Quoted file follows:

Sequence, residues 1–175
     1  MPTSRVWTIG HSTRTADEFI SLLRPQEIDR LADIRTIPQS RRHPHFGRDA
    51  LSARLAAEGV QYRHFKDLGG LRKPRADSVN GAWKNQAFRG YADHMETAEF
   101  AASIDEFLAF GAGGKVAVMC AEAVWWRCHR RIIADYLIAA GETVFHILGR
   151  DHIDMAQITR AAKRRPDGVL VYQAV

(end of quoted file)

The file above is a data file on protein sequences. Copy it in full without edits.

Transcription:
Sequence, residues 1–175
     1  MPTSRVWTIG HSTRTADEFI SLLRPQEIDR LADIRTIPQS RRHPHFGRDA
    51  LSARLAAEGV QYRHFKDLGG LRKPRADSVN GAWKNQAFRG YADHMETAEF
   101  AASIDEFLAF GAGGKVAVMC AEAVWWRCHR RIIADYLIAA GETVFHILGR
   151  DHIDMAQITR AAKRRPDGVL VYQAV